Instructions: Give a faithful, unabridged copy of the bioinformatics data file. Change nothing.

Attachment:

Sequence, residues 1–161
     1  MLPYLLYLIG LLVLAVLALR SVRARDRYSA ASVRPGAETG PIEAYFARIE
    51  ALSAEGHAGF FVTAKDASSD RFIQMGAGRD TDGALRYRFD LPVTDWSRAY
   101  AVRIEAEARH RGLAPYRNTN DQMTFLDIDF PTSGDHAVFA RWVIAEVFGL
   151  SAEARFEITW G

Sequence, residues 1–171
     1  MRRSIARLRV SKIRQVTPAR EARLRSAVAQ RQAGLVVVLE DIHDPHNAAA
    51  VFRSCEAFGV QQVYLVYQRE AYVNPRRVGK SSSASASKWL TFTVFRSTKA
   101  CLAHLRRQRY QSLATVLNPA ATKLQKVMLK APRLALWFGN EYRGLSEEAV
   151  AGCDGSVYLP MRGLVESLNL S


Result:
Sequence, residues 1–161
     1  MLPYLLYLIG LLVLAVLALR SVRARDRYSA ASVRPGAETG PIEAYFARIE
    51  ALSAEGHAGF FVTAKDASSD RFIQMGAGRD TDGALRYRFD LPVTDWSRAY
   101  AVRIEAEARH RGLAPYRNTN DQMTFLDIDF PTSGDHAVFA RWVIAEVFGL
   151  SAEARFEITW G

Sequence, residues 1–171
     1  MRRSIARLRV SKIRQVTPAR EARLRSAVAQ RQAGLVVVLE DIHDPHNAAA
    51  VFRSCEAFGV QQVYLVYQRE AYVNPRRVGK SSSASASKWL TFTVFRSTKA
   101  CLAHLRRQRY QSLATVLNPA ATKLQKVMLK APRLALWFGN EYRGLSEEAV
   151  AGCDGSVYLP MRGLVESLNL S